Monday, September 09, 2013

A Blaze of Glory?

Flame stitch fabric.  Do you love it? Hate it? Fall somewhere in between?  Quite frankly, it has never been one of my favorites.  I think that the problem is that there are flame stitch fabrics that look too old-fashioned or their colors are all wrong, and then there are those that look like they came out of a seedy 1970s interior. 

I'm starting to change my tune, though.  Recently, my cousin Karlyle mentioned to me that she still loves flame stitch.  That comment made me start to reconsider this oldie.  And then, I opened the August issue of British House & Garden, and there was Helen Cormack of Tissus d'Hélène, who had put together a fabric scheme for a fantasy drawing room that included the most beautiful flame stitch by Edmond Petit, "Point d'Hongrie".  Cormack suggested using the fabric on the inside of a wing chair, with a dark green plain linen used for the outside.  How clever!

Now, I know that we are supposed to make decisions for ourselves, but I admit that Cormack's endorsement of this fabric gave it added appeal.  By all accounts, Cormack is the London doyenne of textiles, and her showroom is on my list of places to visit on my next (and hopefully soon) trip to London.  So yes, maybe I was swayed.  But still, I really think that I may further investigate "Point d'Hongrie".  I'm thinking that it might be just the right fabric for my sofa's throw pillows.  The fabric strikes just the right note for my apartment.  It's proper and well-mannered looking, not to mention that it has depth and maturity.  And yet, it isn't dull or, worse, seedy-looking.  This might just be the perfect flame stitch fabric.  Well, to me anyway.

"Point d'Hongrie" from Edmond Petit.

Other examples of flame stitch from the past (of which some are better than others):

A flame stitch vignette at Tiffany & Co., decorated by Inman Cook. c. 1960s.

A Bloomingdale's model room by Barbara d'Arcy.

Flame stitch wallhanging and upholstery in a 17th-century English room.

Flame stitch rugs in the bedroom of Michel Pignère, France, c. 1960s.

Image at top: House & Garden, August 2013; #2 House & Garden Guide to Interior Decoration; #3 House & Garden's Complete Guide to Interior Decoration; #4 Traditional Decorating by John Sutcliffe; #5 Nouvelles reussites de la decoration francaise, 1960-1966.


  1. Hi Jennifer,

    Admittedly, I love a good flamestitch if its in the right colors and if the pattern has a richness and depth to it. I always thought it best being used in small doses but some of the rooms you included with walls and upholstery in flamestitch might have changed my mind. I think the Italians do it best. Just look at some examples of antique Italian flamestitch fabrics. Gorgeous. Lets not forget a good British flamestitch too!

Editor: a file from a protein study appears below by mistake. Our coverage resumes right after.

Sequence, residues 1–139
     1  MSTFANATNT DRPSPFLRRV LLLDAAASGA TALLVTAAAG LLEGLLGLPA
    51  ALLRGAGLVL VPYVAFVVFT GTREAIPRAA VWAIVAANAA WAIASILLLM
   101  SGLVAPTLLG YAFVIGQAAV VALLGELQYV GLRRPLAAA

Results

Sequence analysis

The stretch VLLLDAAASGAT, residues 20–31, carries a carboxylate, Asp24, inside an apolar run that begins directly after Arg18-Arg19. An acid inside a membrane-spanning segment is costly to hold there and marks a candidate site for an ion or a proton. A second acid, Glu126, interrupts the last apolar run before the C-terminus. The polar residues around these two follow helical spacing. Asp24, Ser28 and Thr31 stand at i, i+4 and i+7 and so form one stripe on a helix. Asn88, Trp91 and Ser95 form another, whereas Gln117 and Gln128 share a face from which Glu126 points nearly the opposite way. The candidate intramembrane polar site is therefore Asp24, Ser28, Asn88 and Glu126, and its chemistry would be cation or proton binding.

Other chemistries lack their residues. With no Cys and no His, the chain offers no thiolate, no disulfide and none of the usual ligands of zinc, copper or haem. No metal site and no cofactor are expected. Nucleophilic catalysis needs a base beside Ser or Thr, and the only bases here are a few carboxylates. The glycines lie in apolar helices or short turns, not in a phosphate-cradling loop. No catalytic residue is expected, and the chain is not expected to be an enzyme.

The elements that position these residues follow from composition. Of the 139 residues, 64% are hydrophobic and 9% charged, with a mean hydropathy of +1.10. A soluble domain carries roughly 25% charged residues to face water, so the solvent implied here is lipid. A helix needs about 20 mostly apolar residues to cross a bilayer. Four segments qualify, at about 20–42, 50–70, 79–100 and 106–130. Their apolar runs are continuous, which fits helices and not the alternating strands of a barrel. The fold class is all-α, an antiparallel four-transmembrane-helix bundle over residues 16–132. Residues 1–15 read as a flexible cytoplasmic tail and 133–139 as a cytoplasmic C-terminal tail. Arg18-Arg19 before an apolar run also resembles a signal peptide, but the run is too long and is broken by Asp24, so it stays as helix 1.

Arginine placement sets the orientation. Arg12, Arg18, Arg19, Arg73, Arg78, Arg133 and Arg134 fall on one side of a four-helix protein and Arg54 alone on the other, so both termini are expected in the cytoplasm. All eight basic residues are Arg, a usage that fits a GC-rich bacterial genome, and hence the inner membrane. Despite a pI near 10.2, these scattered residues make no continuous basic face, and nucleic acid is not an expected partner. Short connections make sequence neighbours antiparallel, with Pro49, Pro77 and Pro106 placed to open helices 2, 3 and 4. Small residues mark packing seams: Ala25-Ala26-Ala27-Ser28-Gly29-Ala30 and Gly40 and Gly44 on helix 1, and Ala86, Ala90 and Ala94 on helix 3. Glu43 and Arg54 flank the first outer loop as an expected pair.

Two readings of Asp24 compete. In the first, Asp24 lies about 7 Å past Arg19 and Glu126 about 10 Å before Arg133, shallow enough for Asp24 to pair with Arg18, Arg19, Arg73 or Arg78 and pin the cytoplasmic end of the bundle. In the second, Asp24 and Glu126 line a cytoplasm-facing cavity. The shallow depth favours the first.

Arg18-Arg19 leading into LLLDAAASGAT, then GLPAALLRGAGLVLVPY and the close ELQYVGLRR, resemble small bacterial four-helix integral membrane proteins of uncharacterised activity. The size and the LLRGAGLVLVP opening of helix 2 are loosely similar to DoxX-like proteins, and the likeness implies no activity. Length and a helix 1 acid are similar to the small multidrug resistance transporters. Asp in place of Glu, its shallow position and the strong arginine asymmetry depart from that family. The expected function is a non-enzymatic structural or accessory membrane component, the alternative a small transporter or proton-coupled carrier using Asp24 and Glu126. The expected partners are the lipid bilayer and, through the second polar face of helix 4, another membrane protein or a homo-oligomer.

2. I really like it. In fact, I'm about to re-upholster an early 17th century walnut chair with it. It makes me think 1920's/30's/40's- especially because those 17th and early 18th century styles were more fashionable in the first half of the 20th century. Time for a revival?

  3. Wonderfully rich patterning! I always thought that the flamestitch brought movement and depth to design. Michael has said it very well: I echo his sentiments!

  4. I've had a flamestitch loveseat for almost 30 years. It still looks fabulous. I love the colors and the texture. When my son was in grade school he called it the "Charlie Brown" fabric (you know, the zigzag on Charlie's shirt). Sadly in our new remodel, there will be no place for it and I'll have to find it a new home.

  5. Anything done in the hands of a talented designer can look great!
    This one perhaps is kinda tough....but I'd certainly love to see it done well!

  6. Forty years ago, I found some wonderful flame stitch fabric in a very junky fabric store. It was dirt cheap ($2 @ yd!), and I bought enough to cover two small, non-matching wing chairs with it. It was different than any flame stitch I've ever seen as it was a tone-on-tone peach/cream fabric. It was perfect in my very small, first-house, living room. Hated to take it off when I reupholstered those chairs 20 years later for my daughter's first apartment. That fabric was a gift from God for my living room after I was divorced and had no money!

  7. Sadly I am not a fan of the flamestitch-could not wait to reupholster a couch I did in fs for my own home.

  8. Further to my comment above.....imagine Tom Scheerer, David Netto or even Jeffrey Bilhuber using flamestich...what potentially gorgeous results!

  9. I love it for large knife edged pillows or even for a pair of reupholstered Milo Baughman stools! That would be chic!
    Great post!